Control Lines Led Aft to the Cockpit

Sailing solo can present some challenges. Maintaining control and adjusting two sails in all kinds of conditions on the water can be the most challenging of all when it’s just one person. “Stock” Mariners have the halyards cleated at the base of the mast, and when you’re sailing solo in rough weather, it can be a bit unnerving to leave the tiller and climb up on the companionway to raise or lower the sails. Of all the improvements I have made to my boat, the two that have helped the most to simplify sailing solo are having a furling jib and leading the control lines led to the cockpit. 

Furling Jib 

I use the Harken Small-Boat Furling system which consists of a furling drum and a top swivel. The bottom leading edge of the jib (the “tack”) connects to the drum, while the top of the jib (the “head”) connects to the swivel. Unlike other furlers like the popular CDI furler, the Harken system requires that the jib have an internal wire sewn into the luff with loops that poke out at both ends. The tack and head are then seized to the loops with thread so when the wire rotates, the whole leading edge of the sail will rotate and thus roll up. This internal wire actually serves as the headstay, so it will replace whatever existing headstay you have.

Furthermore, there’s a small length of wire (a “pigtail”) that is needed to make up the difference from the top of the swivel to the mast itself – mine is approximately two feet long. One end has an aircraft style fork to attach to the mast tang with a clevis pin and the other end connects to the swivel with a swage eye and another clevis pin.

So, the whole thing from bottom to top is:

• Bottom of furling drum attaches to stemhead chainplate
• Top of furling drum attaches to the jib internal wire bottom loop
• Jib internal wire top loop attaches to bottom of swivel
• Top of swivel attaches to bottom of pigtail
• Top of pigtail attaches to mast tang

The entire length should equal, obviously, exactly the length of the existing headstay to be replaced.

Finally, I used 3/16” line in the furling drum, and I have it run through small fairleads on the deck up to a camcleat on the coaming top.

The downside of this system is that it is not possible to “reef” the jib, meaning, you can’t roll it up halfway to reduce sail. Either it’s all the way out or all the way in. However, if I’m sailing in conditions where I’m even thinking about reducing the jib sail area, rolling the whole thing up isn’t a problem.

Control Lines Led Aft

Being able to raise, lower, reef and furl the sails all from the shelter and safety of the cockpit is pretty important to the solo sailor. Lines must be routed from the base of the mast (where they would usually be,) out and around the companionway to the edge of the cabin top closest to the cockpit. In order to do that, I have found two pieces of equipment to be invaluable: the halyard organizer plate and the deck organizer. The halyard organizer plate is mounted between the deck and the mast tabernacle and has two “wings” with holes to which you can attach blocks. The deck organizers (I use two Harken Small Boat Organizers, Triple Style) have three large sheaves in each one and allow travel around the companionway and back. Here are a couple of pictures showing how they are mounted:

Let’s take a look at each one starting from left to right.  

  1. Mainsail Reefing Line – Leech Cringle. I use a double-line jiffy-reefing, or “slab-reefing” system to reef my mainsail instead of a single-line. (See more about jiffy-reefing here.) This reefing line for the leech cringle starts on one side of the boom way aft, goes up and passes through the leech cringle, down to a turning block on the other side of the boom, and then forward to the mast. Once at the mast, it goes down through a turning block to another block attached to the halyard organizer plate, out to the deck organizer and back to a camcleat on the outboard corner of the port cabin top.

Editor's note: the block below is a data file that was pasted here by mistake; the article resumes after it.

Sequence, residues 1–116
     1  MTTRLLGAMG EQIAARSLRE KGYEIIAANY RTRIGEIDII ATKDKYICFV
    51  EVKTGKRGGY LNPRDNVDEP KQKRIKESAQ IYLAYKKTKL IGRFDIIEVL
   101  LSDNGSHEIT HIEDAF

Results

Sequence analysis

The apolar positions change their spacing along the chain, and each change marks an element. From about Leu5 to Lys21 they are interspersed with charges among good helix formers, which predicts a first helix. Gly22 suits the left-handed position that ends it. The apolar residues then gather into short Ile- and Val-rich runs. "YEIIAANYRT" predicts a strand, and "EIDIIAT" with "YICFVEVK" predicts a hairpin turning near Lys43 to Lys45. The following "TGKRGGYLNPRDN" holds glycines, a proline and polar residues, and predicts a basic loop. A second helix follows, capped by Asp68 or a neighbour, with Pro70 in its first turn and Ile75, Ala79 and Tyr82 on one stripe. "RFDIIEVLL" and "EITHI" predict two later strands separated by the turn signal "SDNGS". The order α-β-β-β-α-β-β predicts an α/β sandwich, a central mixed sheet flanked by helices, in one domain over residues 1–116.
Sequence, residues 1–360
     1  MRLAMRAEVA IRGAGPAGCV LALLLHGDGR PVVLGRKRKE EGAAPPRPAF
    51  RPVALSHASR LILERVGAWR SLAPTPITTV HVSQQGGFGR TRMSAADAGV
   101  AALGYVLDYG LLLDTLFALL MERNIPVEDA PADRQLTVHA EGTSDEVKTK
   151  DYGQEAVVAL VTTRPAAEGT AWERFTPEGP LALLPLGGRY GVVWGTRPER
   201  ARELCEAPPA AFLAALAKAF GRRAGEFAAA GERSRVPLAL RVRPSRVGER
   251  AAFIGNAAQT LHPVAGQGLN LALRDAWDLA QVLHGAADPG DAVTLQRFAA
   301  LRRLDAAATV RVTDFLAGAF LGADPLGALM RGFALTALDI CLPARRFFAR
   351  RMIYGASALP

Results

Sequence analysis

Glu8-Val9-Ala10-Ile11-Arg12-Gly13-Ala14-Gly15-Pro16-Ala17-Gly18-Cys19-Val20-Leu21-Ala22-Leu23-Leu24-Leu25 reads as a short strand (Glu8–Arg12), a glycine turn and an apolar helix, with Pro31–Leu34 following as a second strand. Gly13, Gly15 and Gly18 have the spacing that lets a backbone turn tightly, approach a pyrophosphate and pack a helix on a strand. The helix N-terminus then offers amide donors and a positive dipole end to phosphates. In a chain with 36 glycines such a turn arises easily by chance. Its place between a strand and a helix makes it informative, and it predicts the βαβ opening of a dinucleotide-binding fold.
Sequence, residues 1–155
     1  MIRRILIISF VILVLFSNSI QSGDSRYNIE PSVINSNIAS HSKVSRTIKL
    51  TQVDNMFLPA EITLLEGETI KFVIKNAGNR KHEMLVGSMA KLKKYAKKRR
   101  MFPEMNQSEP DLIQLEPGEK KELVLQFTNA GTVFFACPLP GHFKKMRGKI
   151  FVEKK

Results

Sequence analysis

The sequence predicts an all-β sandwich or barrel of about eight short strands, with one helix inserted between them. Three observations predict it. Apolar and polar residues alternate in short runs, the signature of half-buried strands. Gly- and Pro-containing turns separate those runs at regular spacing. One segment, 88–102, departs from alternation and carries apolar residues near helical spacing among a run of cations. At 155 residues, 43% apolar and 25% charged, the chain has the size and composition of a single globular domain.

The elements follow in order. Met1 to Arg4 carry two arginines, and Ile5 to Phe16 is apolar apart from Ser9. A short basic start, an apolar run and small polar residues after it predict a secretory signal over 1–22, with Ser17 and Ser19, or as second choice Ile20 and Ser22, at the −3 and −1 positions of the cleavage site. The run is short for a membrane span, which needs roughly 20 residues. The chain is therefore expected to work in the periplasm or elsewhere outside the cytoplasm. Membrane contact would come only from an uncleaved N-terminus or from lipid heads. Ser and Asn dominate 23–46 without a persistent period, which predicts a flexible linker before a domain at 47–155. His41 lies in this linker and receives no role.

2. Asymmetrical Spinnaker Tack Line. I only have this attached when using the spinnaker – it’s empty all the rest of the time. When the spinnaker is deployed, the tack line is attached to the tack of the spinnaker which goes through a block on the bow pulpit. It then travels back, goes through the middle sheave of the deck organizer and back to the middle camcleat on the port cabin top.
  3.  Asymmetrical Spinnaker Halyard. I have a block attached about a foot down from the masthead for my spinnaker, and the halyard – tied to the base of the mast, ready to be attached to the spinnaker when wanted – goes up to the block, and then back down to another block attached to the organizer plate. It then goes out to the deck organizer and back to the camcleat closest to the companionway.
  4. Mainsail downhaul. Being able to pull the gooseneck down to tighten the luff of the mainsail is great for small boats and eliminates the need for a cunningham. I have one end tied off to one of the holes on halyard organizer plate on the port side. It goes up, through a small block on the base of the gooseneck, and then back down to a block on the starboard side of the organizer plate. It then runs out to the deck organizer and back through the inboard rope clutch slot.
  5. Mainsail halyard. This line comes down through a block on the organizer plate, out through the middle sheave of the deck organizer, and back through the outboard rope clutch slot.
  6. Mainsail Reefing Line – Luff Cringle. This reefing line is tied off to an stainless eye riveted to the mast on the port side. It goes up, through the luff cringle in the sail, then down to a block on the organizer plate. It goes out to the deck organizer and through a camcleat on the outboard corner of the starboard cabin top.

That’s about it! With all these lines, plus the jib furling line led back to the cockpit, I have a lot more control from the safety of the cockpit where the tiller is right there in case I need it.